Conclusions:

1: I ought to have found out a bit more about the erosion processes associated with reclaimed peat, and whether the market for it incentivises poor land management, rather than relying on the Soil Association to do it for me. I’ll invite West Riding Organics to comment on this.

2: it’s a lot easier to be a sustainable domestic gardener than a sustainable commercial grower, and it probably pays better too

3: but if you really want to be a sustainable gardener don’t import compost of any kind. Period. Or much of anything else for that matter.

I’d be interested in comments on this post, or thoughts on other dilemmas of sustainability facing growers and gardeners.

Mythologies, and how to apply them

In its ceaseless search through the blogosphere to identify even the smallest of byte-sized morsels that might inform its mission, Small Farm Future has stumbled upon an alter ego in the shape of Steve Savage’s blog Applied Mythology, which puts the case for agribusiness-as-usual.

I think I can safely say that the editorial office here at Small Farm Future is unanimous in its commitment to evidence-based policymaking, and Savage’s evidence as an industry insider is certainly interesting. I do wonder a little why critics of organic farming and similar initiatives are so vociferous in their condemnations given the overwhelming dominance of large-scale conventional agribusiness in global political opinion – perhaps they’re afraid of something? Nevertheless, it’s good to engage with the other side once in a while.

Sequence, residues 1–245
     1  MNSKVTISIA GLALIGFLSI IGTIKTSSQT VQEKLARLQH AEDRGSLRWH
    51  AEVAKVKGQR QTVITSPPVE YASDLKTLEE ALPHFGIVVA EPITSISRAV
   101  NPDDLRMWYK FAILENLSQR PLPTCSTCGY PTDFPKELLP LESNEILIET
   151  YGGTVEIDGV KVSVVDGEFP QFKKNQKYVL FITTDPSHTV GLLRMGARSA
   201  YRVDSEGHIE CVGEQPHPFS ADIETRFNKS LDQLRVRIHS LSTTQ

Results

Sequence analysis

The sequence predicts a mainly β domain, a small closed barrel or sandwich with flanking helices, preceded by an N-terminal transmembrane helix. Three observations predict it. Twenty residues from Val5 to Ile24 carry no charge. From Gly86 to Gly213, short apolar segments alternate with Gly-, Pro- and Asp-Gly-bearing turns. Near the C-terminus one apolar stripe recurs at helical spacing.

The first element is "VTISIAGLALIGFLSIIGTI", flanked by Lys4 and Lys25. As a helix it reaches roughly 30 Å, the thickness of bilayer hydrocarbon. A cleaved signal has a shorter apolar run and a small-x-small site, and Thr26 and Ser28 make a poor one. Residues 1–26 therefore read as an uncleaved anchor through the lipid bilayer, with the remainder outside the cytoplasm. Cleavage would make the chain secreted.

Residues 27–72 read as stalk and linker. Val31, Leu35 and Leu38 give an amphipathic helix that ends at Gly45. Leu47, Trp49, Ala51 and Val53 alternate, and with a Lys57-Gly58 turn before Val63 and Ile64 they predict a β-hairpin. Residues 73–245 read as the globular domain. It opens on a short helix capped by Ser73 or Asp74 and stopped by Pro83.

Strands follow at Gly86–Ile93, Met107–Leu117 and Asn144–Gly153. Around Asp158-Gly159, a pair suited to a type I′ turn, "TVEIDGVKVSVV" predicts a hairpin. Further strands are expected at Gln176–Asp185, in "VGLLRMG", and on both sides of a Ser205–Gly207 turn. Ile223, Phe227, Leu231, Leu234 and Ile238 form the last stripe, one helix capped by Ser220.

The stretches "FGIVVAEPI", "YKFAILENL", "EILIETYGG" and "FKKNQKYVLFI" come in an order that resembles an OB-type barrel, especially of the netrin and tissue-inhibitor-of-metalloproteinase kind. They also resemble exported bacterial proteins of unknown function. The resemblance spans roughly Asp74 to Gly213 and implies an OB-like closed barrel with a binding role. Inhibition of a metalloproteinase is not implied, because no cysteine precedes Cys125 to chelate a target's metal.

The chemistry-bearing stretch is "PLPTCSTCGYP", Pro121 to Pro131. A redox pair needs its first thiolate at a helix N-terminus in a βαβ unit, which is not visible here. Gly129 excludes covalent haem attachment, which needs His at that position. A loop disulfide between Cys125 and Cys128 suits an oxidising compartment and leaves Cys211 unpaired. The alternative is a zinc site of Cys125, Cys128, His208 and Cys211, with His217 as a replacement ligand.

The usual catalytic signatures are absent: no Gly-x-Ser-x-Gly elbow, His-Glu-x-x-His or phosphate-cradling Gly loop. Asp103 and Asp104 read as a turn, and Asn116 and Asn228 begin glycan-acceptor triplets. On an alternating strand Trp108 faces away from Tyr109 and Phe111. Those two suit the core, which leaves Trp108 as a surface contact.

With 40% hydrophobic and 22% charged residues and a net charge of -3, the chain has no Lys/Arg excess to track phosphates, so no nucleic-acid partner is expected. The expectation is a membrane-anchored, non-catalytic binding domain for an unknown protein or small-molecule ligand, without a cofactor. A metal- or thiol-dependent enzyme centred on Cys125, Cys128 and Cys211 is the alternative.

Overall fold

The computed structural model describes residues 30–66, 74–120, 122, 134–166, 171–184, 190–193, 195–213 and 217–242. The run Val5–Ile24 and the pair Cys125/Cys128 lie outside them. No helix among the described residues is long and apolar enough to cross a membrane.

What’s interesting though is that in these debates matters of technical fact quickly turn into matters of political opinion. For example, Savage purports to show that in relation to greenhouse gas emissions organic wastes are better sent for anaerobic digestion than composted in situ. I don’t think his evidence can entirely support that conclusion, but he may turn out to be right in terms of life-cycle emissions per unit waste. However, such an analysis takes much for granted – and in particular it chooses to focus on one small part of the emissions profile that happens to be strongly associated with organic farming, rather than suggesting any modification to the whole outgassing edifice of our highways, cities, supermarkets, cold chains, soya plantations, airlines, cheap goods from China and all the rest of it. That, of course, is where the politics comes in. And also the ‘myth’, which I take to be a much more complicated and ambiguous word than Savage does – for ultimately both farming in particular and human life in general turn on the stories that we want to tell about ourselves, and how we enact them.